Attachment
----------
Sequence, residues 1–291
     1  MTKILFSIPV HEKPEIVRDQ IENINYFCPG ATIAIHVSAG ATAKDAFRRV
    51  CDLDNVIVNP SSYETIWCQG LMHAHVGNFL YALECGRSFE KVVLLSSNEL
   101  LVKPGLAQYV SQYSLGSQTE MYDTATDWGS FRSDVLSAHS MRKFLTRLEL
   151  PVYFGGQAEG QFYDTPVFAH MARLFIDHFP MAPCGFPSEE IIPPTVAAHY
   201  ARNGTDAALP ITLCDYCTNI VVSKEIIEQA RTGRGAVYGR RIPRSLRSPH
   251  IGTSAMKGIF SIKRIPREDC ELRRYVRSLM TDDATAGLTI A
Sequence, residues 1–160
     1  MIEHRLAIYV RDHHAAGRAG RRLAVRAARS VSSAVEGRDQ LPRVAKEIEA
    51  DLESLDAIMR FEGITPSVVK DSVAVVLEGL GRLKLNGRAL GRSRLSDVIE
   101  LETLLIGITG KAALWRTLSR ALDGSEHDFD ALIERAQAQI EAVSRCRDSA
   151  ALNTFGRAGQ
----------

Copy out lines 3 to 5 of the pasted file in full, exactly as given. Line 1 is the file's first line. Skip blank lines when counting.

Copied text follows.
    51  CDLDNVIVNP SSYETIWCQG LMHAHVGNFL YALECGRSFE KVVLLSSNEL
   101  LVKPGLAQYV SQYSLGSQTE MYDTATDWGS FRSDVLSAHS MRKFLTRLEL
   151  PVYFGGQAEG QFYDTPVFAH MARLFIDHFP MAPCGFPSEE IIPPTVAAHY